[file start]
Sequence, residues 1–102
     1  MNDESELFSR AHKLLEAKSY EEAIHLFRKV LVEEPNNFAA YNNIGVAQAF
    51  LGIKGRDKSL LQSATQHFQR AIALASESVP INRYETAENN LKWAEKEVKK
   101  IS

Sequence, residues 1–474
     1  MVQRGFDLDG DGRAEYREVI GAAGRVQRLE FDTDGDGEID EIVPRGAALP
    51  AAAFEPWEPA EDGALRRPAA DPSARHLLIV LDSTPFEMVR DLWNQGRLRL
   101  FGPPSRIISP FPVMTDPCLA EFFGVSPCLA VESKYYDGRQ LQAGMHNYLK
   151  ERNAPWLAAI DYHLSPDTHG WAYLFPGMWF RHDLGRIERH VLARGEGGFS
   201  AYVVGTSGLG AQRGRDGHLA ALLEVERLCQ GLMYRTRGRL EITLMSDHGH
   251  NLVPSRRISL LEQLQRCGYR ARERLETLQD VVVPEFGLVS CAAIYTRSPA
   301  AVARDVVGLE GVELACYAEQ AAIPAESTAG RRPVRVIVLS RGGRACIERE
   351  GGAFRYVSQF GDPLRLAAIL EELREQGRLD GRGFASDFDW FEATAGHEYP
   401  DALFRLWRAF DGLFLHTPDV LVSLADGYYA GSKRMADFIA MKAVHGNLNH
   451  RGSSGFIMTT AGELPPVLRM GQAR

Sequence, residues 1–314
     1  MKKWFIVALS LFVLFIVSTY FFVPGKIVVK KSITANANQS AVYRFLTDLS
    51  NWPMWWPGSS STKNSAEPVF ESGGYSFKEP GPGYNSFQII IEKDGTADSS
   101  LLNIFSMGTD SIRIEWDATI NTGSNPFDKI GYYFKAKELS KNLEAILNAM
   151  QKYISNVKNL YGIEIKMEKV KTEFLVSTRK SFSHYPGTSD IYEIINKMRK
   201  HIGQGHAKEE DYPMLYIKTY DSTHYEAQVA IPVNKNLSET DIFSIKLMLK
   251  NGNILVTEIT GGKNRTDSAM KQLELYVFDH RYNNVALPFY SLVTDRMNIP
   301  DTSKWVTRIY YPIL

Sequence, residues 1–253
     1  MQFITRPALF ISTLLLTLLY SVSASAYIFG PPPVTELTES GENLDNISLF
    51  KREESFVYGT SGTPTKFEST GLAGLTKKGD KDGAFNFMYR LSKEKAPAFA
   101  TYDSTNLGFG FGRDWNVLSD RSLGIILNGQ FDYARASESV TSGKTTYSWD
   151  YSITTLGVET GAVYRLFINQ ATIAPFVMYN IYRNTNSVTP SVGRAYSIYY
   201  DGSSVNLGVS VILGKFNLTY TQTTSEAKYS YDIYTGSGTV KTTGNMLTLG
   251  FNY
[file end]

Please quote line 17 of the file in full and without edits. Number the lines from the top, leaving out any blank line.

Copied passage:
     1  MKKWFIVALS LFVLFIVSTY FFVPGKIVVK KSITANANQS AVYRFLTDLS